India’s dream of becoming a global manufacturing hub in the coming future is, to be honest, a far-fetched one, especially considering the current financial and infrastructural state. Amidst fiscal demand and the contracting economy for the fourth consecutive quarter witnessed after more than a decade, foreign exchange reserves can be that one guiding light in the sustenance of the country’s dream, even though it right now remains a long one. It is because a considerable foreign exchange reserve ensures self-assurance and is a way to represent the country’s ability to pay off the debt to foreign credit rating agencies, which however is a good sign at the point especially considering the increasing fiscal expenditure by the government in an attempt to revive the crashing economy would be hard on the country’s image in front of the credit rating agencies. This is said keeping in view the fact that the government’s fiscal deficit is a representation of the government’s borrowing, which if large, creates a problem in credit accessibility internationally. However, at this point, it is crucial to undertake fiscal expenditure in order to revive the aggregate demand and thus, income levels of the economy to facilitate growth. Thus, the presence of a significant foreign exchange reserve at this point is a saving sign. However, there are certain aspects to this that need to be covered in order to ensure the sign stays a good one in the near future too.
Before talking about what the numbers are right now, let’s understand how and why these numbers come from. So, let’s go back to the first week of October 2020, when India’s foreign exchange reserves surged to a mind-numbing USD 555.1 billion as opposed to USD 474.660 at the beginning of the financial year. This can be credited mostly to the pandemic that brought a halt in demand for imports, creating a rare current account surplus, and a steady flow of portfolio inflows. Take a moment to understand what this number really implied- the level of reserves as mentioned for the first week of October were large enough to cover 12 months of the pre-pandemic level of imports, which is nearly 99 per cent of India’s external debt of USD 558.5 billion as of March 2020. Hence, the number was considered fairly adequate by most experts, some even going to the extent of claiming it more than adequate. The number further went ahead to increase to USD 584.6 billion.
Now, the thing about this reserve was that this was built on capital account surpluses as opposed to the current account surpluses, despite a rare current account surplus at the time. All this may seem to be a little confusing at the moment but let me clarify some things for you. India saw a record high current account surplus — a rarity for the economy — in the April-June quarter as a precipitous drop in local demand led to a sharper fall in imports compared to exports. The quarter also saw net portfolio and foreign direct investment (FDI) flows slow to a trickle, while remittances from foreign workers fell. This amount was in sharp contrast to negative current account surpluses in the preceding quarters, except for the one with a surplus of 0.6 per cent in the one that just came before the said quarter. Now, the thing about this current account surplus is that it was created because of the pandemic and not organically owing to increased exports, meaning that as things began to get normal, it did not sustain, as predicted by economists. Now, the deal with a large foreign exchange reserve which is created mostly on the basis of capital account surpluses, which either means foreign borrowings or sale of investments, doesn’t really contribute to the economy in the form of wealth because as mentioned, at the end of the day, it is borrowed amount. Reserves built out of current account surpluses, which basically implies that the country has been an overall net exporter, is the amount that can act as the wealth of the economy, which sadly is not the case for India.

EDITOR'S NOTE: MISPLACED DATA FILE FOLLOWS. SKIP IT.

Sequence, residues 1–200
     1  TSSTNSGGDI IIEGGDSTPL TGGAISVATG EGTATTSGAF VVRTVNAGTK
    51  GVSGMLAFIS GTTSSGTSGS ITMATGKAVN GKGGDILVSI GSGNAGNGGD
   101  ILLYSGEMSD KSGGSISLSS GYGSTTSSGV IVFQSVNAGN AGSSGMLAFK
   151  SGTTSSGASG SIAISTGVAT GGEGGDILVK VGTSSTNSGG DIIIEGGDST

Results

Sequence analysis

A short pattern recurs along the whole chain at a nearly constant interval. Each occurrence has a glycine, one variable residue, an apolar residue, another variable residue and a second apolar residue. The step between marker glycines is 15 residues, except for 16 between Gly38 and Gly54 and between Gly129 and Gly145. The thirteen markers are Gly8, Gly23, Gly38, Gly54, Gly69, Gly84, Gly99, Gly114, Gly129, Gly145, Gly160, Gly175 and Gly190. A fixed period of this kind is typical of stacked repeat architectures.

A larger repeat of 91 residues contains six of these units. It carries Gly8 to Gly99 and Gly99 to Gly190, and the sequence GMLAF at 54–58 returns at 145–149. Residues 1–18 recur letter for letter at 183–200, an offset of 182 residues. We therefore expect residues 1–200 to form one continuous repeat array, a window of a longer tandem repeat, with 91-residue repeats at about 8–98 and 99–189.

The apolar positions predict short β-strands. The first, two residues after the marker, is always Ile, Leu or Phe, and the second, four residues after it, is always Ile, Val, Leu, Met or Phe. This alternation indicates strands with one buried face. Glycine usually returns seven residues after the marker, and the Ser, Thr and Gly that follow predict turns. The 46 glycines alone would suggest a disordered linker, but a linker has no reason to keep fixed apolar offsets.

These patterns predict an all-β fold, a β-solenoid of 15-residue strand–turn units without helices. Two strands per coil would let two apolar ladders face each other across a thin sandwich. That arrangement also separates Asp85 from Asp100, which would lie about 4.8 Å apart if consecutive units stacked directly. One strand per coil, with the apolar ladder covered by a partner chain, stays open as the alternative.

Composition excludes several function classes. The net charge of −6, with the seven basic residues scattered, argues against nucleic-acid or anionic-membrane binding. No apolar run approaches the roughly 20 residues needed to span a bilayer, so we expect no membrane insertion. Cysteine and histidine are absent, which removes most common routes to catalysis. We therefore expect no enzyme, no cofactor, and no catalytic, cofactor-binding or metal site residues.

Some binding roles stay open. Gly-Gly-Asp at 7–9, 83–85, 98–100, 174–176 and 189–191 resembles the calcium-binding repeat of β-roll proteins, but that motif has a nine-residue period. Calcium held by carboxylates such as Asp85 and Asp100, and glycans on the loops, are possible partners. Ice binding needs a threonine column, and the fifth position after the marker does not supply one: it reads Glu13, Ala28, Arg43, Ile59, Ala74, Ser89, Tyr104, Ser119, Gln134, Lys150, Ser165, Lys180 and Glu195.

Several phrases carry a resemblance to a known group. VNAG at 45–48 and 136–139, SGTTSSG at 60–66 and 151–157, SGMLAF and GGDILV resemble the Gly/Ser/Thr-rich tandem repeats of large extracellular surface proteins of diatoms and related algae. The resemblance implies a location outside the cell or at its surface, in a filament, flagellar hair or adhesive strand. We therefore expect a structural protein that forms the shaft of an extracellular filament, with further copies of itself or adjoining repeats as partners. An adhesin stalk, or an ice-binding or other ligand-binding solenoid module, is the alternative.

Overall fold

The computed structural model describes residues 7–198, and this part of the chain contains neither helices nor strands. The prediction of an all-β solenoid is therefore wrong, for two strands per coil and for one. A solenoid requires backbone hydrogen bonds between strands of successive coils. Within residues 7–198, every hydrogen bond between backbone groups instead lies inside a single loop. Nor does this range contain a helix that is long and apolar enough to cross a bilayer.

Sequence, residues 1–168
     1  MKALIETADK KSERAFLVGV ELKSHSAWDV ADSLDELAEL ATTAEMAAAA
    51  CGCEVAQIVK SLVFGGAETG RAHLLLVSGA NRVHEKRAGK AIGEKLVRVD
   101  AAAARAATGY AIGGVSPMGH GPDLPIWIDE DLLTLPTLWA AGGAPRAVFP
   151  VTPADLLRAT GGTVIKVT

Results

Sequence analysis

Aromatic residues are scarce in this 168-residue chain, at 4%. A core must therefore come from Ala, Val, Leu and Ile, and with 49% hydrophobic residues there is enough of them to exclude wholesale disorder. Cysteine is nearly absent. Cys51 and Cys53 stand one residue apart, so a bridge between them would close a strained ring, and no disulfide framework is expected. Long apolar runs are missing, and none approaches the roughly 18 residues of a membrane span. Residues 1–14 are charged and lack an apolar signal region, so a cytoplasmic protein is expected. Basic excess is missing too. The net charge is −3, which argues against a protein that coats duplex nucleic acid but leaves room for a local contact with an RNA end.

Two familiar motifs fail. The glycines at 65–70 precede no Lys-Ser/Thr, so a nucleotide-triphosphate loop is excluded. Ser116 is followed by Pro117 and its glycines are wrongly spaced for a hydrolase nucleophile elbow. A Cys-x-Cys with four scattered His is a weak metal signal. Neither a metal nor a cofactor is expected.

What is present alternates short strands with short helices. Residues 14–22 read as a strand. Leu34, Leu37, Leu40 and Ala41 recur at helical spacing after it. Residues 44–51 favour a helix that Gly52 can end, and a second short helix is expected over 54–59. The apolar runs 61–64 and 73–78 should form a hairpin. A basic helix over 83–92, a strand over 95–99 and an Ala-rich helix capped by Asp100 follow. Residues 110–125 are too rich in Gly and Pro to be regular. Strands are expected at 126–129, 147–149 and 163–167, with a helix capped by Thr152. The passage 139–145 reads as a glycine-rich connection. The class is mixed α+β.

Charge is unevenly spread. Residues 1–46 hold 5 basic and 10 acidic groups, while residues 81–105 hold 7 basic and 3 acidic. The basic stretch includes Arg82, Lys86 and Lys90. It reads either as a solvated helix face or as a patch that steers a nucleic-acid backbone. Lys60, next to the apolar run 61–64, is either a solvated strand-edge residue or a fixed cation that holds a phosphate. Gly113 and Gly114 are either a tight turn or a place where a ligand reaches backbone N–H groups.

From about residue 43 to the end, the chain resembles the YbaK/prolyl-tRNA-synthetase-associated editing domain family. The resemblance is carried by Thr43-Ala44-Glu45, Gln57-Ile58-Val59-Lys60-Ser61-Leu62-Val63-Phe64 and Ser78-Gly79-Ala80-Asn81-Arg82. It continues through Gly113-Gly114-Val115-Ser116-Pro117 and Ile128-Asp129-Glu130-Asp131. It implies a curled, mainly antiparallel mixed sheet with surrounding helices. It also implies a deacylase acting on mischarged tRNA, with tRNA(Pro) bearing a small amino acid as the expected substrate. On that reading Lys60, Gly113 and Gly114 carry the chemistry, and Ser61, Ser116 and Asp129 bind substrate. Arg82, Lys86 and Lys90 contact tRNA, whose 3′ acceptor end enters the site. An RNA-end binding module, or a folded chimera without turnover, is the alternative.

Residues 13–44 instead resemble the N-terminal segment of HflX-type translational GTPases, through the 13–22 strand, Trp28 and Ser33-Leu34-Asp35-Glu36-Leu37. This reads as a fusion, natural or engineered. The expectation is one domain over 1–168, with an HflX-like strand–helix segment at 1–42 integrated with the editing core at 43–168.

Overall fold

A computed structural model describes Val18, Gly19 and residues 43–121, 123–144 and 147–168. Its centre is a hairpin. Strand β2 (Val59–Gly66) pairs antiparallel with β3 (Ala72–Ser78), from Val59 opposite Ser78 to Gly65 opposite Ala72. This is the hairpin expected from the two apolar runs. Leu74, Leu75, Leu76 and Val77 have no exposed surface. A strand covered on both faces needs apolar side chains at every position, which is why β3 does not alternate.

Therefore, as global trade and domestic demand took their original course, the foreign exchange reserves for the country started to flatten out in the past months of the year 2021. However, the rate of decline for the country has been slower than countries like Russia, leading to the county overtaking Russia to claim the fourth place in the list of the world’s largest foreign exchange reserve holdings, with the number at this moment being USD 580.3 billion, a fall by USD 4.3 billion. This number right here means that the country has enough to supplement imports for the next 18 months, especially because of the increase that was witnessed in the local stock market and foreign direct investments for the country. So, even though this reserve cannot be used as wealth for the economy, it would serve as a way to reassure India’s position in terms of the credit rating numbers.
Chief India economist at Deutsche Bank, Kaushik Das said, “The healthy FX reserves position should give enough comfort to RBI for dealing with any potential external shock-driven capital-stop or outflows in the period ahead. The RBI’s recent purchase of USD 88 billion in the foreign exchange market last year added the rupee to the US watch list for currency manipulation, making the rupee the worst performer among Asia’s major currencies for the last year. This was done in an attempt to stimulate exports while discouraging imports for the country, the considerable outcome of which is yet to be seen. This called in for remarks from the RBI Governor Shaktikanta Das in the latest interaction, stressing the idea of emerging market central banks to build reserves to prevent any external shocks, irrespective of being put on watch by the US. The RBI even focused on further strengthening foreign exchange reserves.